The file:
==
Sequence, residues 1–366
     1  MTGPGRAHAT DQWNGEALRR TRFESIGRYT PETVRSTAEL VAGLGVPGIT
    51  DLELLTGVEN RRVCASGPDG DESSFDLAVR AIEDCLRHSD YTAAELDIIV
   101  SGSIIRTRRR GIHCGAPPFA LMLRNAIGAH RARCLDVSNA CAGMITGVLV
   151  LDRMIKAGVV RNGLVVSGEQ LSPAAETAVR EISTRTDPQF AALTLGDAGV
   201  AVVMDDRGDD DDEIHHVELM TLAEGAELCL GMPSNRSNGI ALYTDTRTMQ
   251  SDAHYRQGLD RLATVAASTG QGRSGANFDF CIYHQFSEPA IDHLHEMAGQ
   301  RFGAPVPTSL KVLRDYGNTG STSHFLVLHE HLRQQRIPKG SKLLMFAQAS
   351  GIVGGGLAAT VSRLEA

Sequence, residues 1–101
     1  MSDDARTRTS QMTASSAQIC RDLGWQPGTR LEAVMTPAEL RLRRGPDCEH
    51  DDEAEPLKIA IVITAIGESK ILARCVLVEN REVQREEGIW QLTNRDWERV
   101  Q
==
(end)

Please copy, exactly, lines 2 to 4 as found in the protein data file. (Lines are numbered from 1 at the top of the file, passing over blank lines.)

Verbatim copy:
     1  MTGPGRAHAT DQWNGEALRR TRFESIGRYT PETVRSTAEL VAGLGVPGIT
    51  DLELLTGVEN RRVCASGPDG DESSFDLAVR AIEDCLRHSD YTAAELDIIV
   101  SGSIIRTRRR GIHCGAPPFA LMLRNAIGAH RARCLDVSNA CAGMITGVLV